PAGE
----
Hence, the process of nourishment, crucial as it is, serves as an essential tool in mitigating the pernicious effects of diet culture and subsequently, for progressing in recovery.
2. Take Recovery Into Your Own Hands
As we navigate the recovery landscape, it’s clear that no two journeys are the same. For meaningful progress to be made, your individual needs, strengths, and circumstances must be acknowledged.
This is especially true in the current state of treatment where there is no one standard of screening and care, and so many providers allow diet culture and weight loss to seep into their eating disorder care.
There are systems in place that make recovery seem impossible, and there’s so much bad treatment out there.
Understanding your needs and the limitations of the treatment landscape can help you pave the way for a more nuanced, empathetic, and ultimately successful recovery.
Cole shared some of the many ways that she made recovery work for her. For instance, she found strength within her community and engaging her loved ones in her process to create an environment of understanding and acceptance. She also suggests working to find providers in the anti-diet realm in order to get the best care.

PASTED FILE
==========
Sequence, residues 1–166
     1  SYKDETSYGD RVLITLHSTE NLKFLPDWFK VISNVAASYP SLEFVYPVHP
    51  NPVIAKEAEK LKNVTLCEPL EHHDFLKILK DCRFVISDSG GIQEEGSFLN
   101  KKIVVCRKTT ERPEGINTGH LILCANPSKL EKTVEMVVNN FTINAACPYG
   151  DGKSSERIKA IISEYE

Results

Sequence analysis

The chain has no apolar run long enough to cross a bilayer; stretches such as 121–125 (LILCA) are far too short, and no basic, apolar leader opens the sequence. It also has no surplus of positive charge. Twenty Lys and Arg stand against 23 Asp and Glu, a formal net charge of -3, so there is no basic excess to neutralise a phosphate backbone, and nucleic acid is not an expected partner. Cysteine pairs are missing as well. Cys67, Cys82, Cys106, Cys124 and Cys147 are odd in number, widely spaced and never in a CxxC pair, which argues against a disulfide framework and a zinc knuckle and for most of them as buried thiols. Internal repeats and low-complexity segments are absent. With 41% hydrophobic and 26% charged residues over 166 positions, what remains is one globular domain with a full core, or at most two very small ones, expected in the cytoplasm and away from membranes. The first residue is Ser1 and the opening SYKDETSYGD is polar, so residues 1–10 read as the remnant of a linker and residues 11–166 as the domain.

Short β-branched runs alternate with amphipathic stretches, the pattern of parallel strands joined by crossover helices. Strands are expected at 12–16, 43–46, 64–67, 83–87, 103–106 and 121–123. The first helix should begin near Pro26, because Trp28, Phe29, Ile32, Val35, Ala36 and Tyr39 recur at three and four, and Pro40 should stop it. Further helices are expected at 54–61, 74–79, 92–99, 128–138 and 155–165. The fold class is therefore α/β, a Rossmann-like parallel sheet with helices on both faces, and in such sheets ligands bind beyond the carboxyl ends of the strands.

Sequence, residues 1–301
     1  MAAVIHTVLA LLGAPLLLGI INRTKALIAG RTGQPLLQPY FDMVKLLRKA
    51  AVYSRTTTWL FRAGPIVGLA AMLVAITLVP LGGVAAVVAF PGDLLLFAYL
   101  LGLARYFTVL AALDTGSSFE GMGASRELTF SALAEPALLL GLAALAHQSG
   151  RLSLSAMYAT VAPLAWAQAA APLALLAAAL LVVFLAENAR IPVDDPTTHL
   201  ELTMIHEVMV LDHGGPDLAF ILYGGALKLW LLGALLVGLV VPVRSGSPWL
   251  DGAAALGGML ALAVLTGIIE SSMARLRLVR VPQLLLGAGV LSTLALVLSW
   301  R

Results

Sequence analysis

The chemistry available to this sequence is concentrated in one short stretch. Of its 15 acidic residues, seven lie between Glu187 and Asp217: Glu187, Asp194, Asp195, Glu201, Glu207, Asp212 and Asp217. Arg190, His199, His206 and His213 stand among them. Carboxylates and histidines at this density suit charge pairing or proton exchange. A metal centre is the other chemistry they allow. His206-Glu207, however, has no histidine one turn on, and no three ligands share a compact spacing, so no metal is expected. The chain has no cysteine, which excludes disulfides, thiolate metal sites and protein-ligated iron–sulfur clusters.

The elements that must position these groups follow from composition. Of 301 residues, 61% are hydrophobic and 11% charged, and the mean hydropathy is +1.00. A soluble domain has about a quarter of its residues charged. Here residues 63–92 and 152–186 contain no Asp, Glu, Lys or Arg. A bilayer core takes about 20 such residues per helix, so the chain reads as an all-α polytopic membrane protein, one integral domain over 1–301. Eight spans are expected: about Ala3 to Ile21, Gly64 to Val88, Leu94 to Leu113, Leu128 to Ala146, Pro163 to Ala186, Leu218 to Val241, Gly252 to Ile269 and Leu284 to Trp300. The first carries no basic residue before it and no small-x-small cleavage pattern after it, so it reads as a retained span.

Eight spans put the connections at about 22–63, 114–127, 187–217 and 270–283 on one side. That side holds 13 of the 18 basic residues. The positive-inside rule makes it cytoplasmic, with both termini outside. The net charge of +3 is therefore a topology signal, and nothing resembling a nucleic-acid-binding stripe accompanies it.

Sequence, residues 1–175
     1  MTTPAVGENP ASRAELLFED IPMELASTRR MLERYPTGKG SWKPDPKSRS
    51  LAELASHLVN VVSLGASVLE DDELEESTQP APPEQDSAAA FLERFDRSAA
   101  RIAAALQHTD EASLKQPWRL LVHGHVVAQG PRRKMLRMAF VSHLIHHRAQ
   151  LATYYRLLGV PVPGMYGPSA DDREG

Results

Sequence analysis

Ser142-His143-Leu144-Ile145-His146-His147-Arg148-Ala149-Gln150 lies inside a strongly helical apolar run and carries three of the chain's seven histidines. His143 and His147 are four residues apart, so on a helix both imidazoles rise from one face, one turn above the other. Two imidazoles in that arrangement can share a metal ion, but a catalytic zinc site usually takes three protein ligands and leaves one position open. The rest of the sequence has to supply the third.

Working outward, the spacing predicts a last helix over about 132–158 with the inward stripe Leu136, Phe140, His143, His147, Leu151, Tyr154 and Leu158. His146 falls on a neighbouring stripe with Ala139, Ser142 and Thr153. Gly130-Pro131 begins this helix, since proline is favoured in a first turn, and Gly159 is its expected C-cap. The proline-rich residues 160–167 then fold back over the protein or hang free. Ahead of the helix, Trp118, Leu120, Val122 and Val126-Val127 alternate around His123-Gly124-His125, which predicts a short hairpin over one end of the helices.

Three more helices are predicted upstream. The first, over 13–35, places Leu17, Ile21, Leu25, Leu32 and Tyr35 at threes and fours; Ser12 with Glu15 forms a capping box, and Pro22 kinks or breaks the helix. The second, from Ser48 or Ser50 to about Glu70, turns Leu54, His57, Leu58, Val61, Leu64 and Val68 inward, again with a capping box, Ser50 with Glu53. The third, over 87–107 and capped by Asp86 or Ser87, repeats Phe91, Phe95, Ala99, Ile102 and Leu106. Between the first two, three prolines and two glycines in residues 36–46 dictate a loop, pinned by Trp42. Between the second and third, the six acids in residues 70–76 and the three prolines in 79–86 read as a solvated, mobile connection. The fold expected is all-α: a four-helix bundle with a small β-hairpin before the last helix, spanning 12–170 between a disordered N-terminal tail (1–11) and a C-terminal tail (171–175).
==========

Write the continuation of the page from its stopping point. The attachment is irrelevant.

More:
So, why is the concept of taking recovery into your own hands so important? The answer lies in recognizing the deeply individual struggles faced by people going through recovery.
Every person has different triggers, ways of responding, support networks, and personal approaches to coping. And every person has different levels of access and interest in the different types of treatment options available.
Recognizing these differences and taking ownership of your healing makes you an active participant in the healing journey rather than a passive bystander to diet culture’s influence on the treatment landscape.
3. Embrace a Feminist Approach to Challenge Diet Culture
As we navigate the complex landscapes of recovery from eating disorders, one significant topic that often emerges is the concept of the feminist approach, specifically in challenging societal norms and diet culture.
At its core, diet culture exists as a web of beliefs valuing weight, shape, and size over individual health. It hails thinness as an embodiment of health, enforcing this idea by stigmatizing those who fall outside these expectations.